It's a nice figure, but not worth $30. I paid a sale price much closer to the cost of an Elite, which felt more reasonable. With the inclusion of extra hands, heads, and other parts in many of the Elite figures, it's really the extra articulation that should be considered for the price jump. Since I'm not concerned with it, that's simply not worth it to me. Aside from the first Basic of Ronda which seemed like a rush job (though unique as she's simply in her white t-shirt and pants), I held off on her other figures until this one was released. I'm glad that I did, but I don't feel any urge to pick up Bret Hart, Shinsuke Nakamura, Finn Balor, Triple H, or anyone else who may show up in the line as of yet.

The "Ultimate" Ronda figure? Yes. An ultimate pass for the rest as far as the foreseeable future.

Thursday, September 19, 2019

Forty Years of PWI

September 1979. Were you alive? I was a few years away from arriving, but it had to be a great time to be alive. A great decade was ending, another good one was on the way and those nasty '90s were a good ways off. Bias towards eras aside, I will always be partial to Pro Wrestling Illustrated. Beginning this month some forty years ago, PWI became the standard in wrestling magazines. In 2019 it's the only wrestling magazine still regularly on the newsstands. Have you ever peeked into that first issue? You're about to.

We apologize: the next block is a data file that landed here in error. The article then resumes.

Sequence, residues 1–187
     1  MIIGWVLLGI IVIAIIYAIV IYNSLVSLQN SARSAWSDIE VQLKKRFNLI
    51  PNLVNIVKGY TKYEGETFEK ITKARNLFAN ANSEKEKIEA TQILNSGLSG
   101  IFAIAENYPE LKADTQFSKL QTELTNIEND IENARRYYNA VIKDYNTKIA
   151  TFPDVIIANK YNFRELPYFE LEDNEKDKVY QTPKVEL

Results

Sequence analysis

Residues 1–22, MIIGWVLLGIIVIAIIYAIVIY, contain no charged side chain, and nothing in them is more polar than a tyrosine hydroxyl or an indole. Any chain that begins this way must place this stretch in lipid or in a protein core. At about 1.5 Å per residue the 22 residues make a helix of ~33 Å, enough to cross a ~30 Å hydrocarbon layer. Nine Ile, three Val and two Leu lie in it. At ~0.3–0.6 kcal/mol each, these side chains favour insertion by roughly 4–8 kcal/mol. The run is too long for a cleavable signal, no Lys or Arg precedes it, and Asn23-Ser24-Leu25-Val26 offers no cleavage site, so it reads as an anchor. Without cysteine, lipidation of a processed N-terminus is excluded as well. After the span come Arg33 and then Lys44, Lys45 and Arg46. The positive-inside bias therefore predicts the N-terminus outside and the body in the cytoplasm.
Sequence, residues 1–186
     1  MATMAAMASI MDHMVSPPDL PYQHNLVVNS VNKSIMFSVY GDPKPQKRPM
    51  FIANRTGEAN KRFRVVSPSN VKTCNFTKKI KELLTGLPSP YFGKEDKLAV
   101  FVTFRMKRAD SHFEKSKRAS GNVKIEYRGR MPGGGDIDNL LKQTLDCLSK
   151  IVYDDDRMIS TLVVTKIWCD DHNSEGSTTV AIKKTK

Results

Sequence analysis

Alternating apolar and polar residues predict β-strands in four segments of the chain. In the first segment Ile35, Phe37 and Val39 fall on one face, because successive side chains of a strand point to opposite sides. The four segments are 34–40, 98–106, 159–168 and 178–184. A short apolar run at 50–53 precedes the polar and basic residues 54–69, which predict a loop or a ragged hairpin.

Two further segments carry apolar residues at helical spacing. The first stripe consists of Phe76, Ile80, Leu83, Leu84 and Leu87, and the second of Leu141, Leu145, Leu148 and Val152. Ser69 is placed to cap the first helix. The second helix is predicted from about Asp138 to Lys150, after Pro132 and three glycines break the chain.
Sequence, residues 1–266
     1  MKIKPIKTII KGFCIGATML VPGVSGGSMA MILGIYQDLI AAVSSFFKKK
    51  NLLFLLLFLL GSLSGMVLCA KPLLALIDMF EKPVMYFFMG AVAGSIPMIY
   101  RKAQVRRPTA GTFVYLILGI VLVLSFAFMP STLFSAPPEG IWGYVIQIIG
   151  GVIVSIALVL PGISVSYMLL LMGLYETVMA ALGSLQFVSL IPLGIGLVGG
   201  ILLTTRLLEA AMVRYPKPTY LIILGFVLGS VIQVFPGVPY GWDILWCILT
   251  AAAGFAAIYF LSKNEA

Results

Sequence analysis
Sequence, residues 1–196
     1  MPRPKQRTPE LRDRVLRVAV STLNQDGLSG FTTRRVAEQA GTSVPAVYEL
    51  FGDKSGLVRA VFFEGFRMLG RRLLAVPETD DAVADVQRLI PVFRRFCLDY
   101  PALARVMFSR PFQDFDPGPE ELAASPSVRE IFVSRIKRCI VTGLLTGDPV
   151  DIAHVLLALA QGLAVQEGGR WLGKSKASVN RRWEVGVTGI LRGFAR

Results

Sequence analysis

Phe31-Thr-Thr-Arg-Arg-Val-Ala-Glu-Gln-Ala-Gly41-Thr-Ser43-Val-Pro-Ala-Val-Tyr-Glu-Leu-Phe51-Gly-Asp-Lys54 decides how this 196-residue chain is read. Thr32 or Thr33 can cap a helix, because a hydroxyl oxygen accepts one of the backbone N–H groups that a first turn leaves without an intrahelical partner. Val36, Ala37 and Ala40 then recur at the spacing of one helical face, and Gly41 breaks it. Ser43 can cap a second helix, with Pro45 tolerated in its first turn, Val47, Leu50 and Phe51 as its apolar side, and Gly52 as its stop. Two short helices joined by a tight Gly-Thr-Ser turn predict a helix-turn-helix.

Is it any surprise that the cover of that first issue features '70s wrestling icons? "The American Dream" Dusty Rhodes and Mil Mascaras are nicely photographed by editor Bill Apter with an inset action shot of Nick Bockwinkel. Mascaras was always billed as the favorite wrestler of Apter and neither the masked luchador nor Dusty were strangers to the covers of this family of magazines. I had the opportunity to witness a reunion between Mascaras and Apter this summer. When the legendary photographer and editor is present with "The Man of 1,000 Masks," he tells me that he suddenly becomes "Mil Moscawitz."